On Saturday night, one mikvah had to close down when someone who had been there previously was diagnosed with Covid-19, and to send all other women who had been there that night into quarantine.

My thoughts on mikvah right now were complicated: I was worried, but I was also excited. In this time of darkness, going to mikvah seemed to me to be a sign of hope: a statement of faith in my future, and in the future of humanity.  I am at a time in my life when I am hoping to start a family. After my IVF cycle got cancelled, mikvah took on special meaning, as it signified the only way I can continue to journey towards my desire for motherhood. So I took a deep breath and got ready.

First, I called the mikvah and asked if they were open as normal. I was told yes. I asked if I should make an appointment. I did so because new Health Ministry guidelines recommend that mikvahs be by appointment only. The mikvah said no, just come towards 7, when it would be less crowded, because there were lots of brides. I insisted, and asked if I could make an appointment to be first the next day. They said yes, took my name down, and told me to come tomorrow at 6.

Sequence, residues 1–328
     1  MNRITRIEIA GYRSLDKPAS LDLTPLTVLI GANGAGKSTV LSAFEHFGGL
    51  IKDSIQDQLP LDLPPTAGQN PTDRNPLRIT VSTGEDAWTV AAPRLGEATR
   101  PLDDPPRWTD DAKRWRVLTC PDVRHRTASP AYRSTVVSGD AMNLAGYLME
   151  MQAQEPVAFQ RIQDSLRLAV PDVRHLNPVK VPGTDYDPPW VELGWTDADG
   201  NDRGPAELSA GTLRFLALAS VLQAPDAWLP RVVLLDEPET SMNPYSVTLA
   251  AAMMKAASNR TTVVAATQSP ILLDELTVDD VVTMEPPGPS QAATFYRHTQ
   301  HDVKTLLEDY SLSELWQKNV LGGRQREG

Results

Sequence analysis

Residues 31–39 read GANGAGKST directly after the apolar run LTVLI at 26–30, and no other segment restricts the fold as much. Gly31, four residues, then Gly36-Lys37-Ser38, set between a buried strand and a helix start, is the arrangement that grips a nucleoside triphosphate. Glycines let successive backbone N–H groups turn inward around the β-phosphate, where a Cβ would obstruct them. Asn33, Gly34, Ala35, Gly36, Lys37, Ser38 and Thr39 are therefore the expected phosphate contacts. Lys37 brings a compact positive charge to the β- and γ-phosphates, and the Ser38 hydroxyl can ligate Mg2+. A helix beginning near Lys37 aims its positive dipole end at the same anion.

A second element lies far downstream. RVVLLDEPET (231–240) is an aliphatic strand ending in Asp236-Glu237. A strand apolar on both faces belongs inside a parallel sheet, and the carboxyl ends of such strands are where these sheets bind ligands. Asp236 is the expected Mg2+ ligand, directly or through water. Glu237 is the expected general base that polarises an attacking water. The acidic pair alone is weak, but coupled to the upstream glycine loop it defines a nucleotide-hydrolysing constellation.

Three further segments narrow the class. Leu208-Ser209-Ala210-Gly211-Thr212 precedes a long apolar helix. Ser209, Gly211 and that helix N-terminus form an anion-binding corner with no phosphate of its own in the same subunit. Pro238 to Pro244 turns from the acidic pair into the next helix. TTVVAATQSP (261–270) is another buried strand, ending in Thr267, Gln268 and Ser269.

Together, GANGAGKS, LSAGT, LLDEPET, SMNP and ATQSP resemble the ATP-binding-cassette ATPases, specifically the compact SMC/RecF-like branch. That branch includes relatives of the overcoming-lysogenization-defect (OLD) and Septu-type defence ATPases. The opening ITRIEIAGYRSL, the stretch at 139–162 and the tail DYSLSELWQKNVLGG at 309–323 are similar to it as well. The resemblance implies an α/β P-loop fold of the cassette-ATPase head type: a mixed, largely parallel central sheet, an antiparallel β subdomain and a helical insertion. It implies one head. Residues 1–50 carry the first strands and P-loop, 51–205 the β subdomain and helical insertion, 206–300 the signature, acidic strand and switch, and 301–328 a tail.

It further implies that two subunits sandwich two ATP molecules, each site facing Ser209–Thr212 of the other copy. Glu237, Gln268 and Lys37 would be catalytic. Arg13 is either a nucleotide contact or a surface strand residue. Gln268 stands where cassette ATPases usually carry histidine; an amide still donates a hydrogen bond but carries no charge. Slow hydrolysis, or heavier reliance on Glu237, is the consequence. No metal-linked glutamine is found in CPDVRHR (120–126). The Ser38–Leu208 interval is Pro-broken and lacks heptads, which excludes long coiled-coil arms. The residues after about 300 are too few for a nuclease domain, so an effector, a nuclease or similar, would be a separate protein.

The next day, I arrived at 6, promptly. Nobody knew who I was or had any recollection of my making an appointment, but I managed to convince them to let me be first. The mikvah attendant stood right next to me when I paid, not keeping two meters. When another woman there to dunk said she had also called to be first, the mikvah attendant said: “Don’t worry. There are two mikvahs. And the mikvah is tehorah and nekiyah -pure and clean.” This completely freaked me out -is that a religious way of saying hygienic? Does the mikvah attendant think we are equating the mikvah with dirtiness, on some kind of spiritual level?